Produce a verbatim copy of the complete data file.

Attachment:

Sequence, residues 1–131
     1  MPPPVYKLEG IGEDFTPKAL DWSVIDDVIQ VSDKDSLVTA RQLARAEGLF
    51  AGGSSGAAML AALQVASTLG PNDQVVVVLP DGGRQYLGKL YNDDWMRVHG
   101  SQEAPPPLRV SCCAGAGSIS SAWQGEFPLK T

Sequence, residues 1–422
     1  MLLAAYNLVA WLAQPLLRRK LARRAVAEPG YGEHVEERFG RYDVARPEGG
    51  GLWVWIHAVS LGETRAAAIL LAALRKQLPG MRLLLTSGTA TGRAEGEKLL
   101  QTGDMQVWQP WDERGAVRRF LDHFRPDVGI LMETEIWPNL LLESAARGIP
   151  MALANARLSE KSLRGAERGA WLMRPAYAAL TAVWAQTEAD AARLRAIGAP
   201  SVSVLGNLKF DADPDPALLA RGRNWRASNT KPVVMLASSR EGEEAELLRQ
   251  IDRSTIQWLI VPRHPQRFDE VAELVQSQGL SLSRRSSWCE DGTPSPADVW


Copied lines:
Sequence, residues 1–131
     1  MPPPVYKLEG IGEDFTPKAL DWSVIDDVIQ VSDKDSLVTA RQLARAEGLF
    51  AGGSSGAAML AALQVASTLG PNDQVVVVLP DGGRQYLGKL YNDDWMRVHG
   101  SQEAPPPLRV SCCAGAGSIS SAWQGEFPLK T

Sequence, residues 1–422
     1  MLLAAYNLVA WLAQPLLRRK LARRAVAEPG YGEHVEERFG RYDVARPEGG
    51  GLWVWIHAVS LGETRAAAIL LAALRKQLPG MRLLLTSGTA TGRAEGEKLL
   101  QTGDMQVWQP WDERGAVRRF LDHFRPDVGI LMETEIWPNL LLESAARGIP
   151  MALANARLSE KSLRGAERGA WLMRPAYAAL TAVWAQTEAD AARLRAIGAP
   201  SVSVLGNLKF DADPDPALLA RGRNWRASNT KPVVMLASSR EGEEAELLRQ
   251  IDRSTIQWLI VPRHPQRFDE VAELVQSQGL SLSRRSSWCE DGTPSPADVW